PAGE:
Colchester, a town in Essex, England (or its Roman antecedent Camulodunum) has been cited as one of the potential sites of Camelot. Though the name "Camelot" may be derived from Camulodunum (modern Colchester), the Iron Age capital of the Trinovantes, and later the provincial capital of Roman Britannia, its Essex location close to the east coast - and so very close to the earliest Anglo-Saxon settlement - places it in the wrong Anglo-Saxon kingdom.
The ex-Roman fort of Camboglanna on Hadrian's Wall
Campus Elleti in Glamorgan
Camelford in Cornwall
Camelon Fort at Falkirk
Dinerth Castle near the River Arth, West Wales
Saltwell Park, in Gateshead
Chard, Somerset
Graig-Llwyn near Lisvane
Llanmelin hill-fort near Caerwent
Camlet Moat near Trent Park, by Enfield Chase, London
Slack, near Huddersfield, Like Colchester, the Romans had a fort named Camulodunum there.
Cadbury Camp
Windsor Castle. In 2005, the Channel 4 series Time Team did an archaeological dig and found the remnants of a large round building, which it was speculated could have housed the mythical Round Table that King Arthur used to greet his Knights.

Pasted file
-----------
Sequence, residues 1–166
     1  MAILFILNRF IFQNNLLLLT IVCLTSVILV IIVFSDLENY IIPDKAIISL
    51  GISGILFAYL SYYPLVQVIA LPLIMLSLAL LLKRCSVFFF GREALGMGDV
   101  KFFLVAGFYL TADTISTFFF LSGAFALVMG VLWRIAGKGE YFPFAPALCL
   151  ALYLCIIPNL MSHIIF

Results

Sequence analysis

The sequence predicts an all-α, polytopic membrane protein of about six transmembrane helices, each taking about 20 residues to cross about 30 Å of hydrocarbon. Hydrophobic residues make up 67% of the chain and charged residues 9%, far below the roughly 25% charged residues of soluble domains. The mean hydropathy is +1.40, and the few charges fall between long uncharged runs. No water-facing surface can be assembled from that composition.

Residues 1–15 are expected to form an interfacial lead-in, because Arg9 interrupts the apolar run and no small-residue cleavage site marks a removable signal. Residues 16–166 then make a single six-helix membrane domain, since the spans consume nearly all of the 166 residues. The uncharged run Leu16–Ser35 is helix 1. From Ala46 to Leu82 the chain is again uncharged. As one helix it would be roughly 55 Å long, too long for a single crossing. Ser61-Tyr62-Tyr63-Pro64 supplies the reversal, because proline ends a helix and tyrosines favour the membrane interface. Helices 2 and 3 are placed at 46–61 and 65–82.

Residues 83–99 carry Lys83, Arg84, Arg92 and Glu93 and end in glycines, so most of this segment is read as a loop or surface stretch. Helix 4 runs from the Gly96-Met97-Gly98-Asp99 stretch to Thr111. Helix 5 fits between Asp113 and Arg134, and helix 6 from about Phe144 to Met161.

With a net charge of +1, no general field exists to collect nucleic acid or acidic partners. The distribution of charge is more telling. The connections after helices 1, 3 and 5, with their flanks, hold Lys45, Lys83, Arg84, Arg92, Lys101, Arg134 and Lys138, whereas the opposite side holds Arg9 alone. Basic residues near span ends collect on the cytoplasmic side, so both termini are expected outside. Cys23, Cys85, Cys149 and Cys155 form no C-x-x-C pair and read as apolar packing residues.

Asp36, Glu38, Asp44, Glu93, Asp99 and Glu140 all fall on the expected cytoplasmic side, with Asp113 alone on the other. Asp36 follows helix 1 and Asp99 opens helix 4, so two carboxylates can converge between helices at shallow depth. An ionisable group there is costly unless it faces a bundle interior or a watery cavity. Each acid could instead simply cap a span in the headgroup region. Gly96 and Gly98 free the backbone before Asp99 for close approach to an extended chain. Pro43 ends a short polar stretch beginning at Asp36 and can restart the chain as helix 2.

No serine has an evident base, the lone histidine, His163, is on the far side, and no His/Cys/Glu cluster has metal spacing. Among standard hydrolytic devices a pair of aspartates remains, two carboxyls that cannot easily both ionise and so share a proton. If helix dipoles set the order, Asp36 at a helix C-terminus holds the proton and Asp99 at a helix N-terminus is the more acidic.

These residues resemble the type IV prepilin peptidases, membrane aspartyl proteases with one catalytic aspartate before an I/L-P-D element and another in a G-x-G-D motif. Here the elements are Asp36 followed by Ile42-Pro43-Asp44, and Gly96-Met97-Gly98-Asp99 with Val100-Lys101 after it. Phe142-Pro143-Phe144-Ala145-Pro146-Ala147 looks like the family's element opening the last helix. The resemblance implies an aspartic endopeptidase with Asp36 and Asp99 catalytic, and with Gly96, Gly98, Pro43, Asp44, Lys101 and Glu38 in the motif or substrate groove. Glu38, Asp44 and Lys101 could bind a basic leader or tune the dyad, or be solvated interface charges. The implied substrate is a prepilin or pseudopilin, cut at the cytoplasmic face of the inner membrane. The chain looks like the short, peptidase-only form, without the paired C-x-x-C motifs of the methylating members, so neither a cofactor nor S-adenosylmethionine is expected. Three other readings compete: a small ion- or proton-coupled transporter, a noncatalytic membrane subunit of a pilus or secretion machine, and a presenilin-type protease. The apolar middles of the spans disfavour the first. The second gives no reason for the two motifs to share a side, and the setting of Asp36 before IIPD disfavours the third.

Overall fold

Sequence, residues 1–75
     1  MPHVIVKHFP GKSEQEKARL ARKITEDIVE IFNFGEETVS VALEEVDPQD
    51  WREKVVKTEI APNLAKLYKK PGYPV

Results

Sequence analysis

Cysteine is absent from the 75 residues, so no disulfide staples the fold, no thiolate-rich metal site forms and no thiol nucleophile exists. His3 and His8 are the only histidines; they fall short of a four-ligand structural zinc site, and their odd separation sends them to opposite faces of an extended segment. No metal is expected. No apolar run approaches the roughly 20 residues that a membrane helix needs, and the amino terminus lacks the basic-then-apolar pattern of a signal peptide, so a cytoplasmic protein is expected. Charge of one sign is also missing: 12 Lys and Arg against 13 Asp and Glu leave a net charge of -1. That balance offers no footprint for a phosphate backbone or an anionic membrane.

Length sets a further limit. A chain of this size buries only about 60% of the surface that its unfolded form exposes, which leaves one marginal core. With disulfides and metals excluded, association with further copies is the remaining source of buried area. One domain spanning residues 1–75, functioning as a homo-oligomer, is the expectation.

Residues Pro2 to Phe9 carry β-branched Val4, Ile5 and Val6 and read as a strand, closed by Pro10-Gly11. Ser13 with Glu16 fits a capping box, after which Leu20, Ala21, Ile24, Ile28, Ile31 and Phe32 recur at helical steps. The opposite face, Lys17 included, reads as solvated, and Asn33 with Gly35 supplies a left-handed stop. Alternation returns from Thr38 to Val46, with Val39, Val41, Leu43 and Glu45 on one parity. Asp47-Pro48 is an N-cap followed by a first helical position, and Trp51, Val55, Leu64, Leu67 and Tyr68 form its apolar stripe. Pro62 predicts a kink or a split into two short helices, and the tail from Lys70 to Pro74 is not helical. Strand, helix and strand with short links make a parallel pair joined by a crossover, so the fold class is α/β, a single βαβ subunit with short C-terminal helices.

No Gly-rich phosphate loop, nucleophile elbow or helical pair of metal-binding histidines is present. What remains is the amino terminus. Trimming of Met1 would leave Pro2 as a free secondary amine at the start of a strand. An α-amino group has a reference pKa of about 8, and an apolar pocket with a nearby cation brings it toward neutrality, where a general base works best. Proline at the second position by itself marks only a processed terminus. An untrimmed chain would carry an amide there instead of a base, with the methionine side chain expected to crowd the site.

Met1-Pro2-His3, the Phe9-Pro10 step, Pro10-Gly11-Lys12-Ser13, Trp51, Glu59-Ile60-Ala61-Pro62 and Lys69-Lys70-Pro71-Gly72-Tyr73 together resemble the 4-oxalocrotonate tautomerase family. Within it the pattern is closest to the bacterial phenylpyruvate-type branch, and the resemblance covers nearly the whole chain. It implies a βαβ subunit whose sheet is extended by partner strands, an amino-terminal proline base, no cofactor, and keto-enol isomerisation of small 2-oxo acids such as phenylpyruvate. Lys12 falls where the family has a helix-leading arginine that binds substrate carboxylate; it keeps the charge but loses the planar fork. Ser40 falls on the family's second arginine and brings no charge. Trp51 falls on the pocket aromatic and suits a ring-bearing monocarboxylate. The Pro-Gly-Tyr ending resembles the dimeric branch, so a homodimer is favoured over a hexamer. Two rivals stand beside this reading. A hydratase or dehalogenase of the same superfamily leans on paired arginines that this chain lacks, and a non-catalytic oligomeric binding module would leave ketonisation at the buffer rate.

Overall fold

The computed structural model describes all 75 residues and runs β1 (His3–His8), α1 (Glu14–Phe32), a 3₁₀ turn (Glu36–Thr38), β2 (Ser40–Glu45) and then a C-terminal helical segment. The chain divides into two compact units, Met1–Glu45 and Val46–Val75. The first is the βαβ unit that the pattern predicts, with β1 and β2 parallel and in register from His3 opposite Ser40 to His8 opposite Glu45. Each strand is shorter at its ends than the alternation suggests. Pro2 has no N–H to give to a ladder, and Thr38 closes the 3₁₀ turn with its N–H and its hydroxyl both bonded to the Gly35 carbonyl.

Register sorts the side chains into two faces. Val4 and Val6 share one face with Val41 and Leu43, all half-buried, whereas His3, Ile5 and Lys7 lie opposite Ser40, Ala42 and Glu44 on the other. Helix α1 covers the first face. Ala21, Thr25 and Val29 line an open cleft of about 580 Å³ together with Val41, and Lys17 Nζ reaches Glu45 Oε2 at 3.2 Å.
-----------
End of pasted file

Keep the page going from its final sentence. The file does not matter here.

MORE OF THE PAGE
Roxburgh in the Scottish Borders, proposed by Alistair Moffat in his work 'Arthur and the Lost Kingdoms'.
Norma Lorre Goodirch suggests in her book, King Arthur, that Camelot simply means Castle of the Hammer, which she suggests Arthur was called, thus could be any castle which he temporarily made his base.

At Glastonbury on the queer,
They made Artourez toumbe there,
And wrote with latyn vers thus,
Hic jacet Arturus, rex quondam, rexque futurus
(Here lies Arthur, the once and future king).
Glastonbury is conceived of as the legendary island of Avalon. An early Welsh story links Arthur to the Tor in an account of a conflict between Arthur and the Celtic king, Melwas, who was said to have kidnapped Arthur's wife Queen Guinevere. In 1191, monks at the Abbey claimed to have found the graves of Arthur and Guinevere to the south of the Lady Chapel of the Abbey church, which was visited by a number of contemporary historians including Giraldus Cambrensis. The remains were later moved, and lost during the Reformation. Many scholars suspect that this discovery was a pious forgery to substantiate the antiquity of Glastonbury's foundation, and increase its renown. Others have suggested that the monastery was desperately short of funds at the time, and staged the "discovery" as a means of increasing pilgrimage (and thus, offerings and alms from those coming to see the remains of the famous king). If the latter supposition is true, then the deception worked - after the discovery, the abbey became wealthy for some time to come.